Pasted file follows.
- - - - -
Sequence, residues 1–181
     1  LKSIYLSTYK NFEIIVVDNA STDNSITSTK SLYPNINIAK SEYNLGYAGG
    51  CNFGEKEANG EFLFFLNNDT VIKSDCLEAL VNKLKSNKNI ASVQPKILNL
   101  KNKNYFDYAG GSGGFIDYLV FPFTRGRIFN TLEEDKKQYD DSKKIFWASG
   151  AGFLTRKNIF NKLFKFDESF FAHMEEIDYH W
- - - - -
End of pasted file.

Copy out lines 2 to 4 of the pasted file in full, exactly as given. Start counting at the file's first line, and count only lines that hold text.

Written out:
     1  LKSIYLSTYK NFEIIVVDNA STDNSITSTK SLYPNINIAK SEYNLGYAGG
    51  CNFGEKEANG EFLFFLNNDT VIKSDCLEAL VNKLKSNKNI ASVQPKILNL
   101  KNKNYFDYAG GSGGFIDYLV FPFTRGRIFN TLEEDKKQYD DSKKIFWASG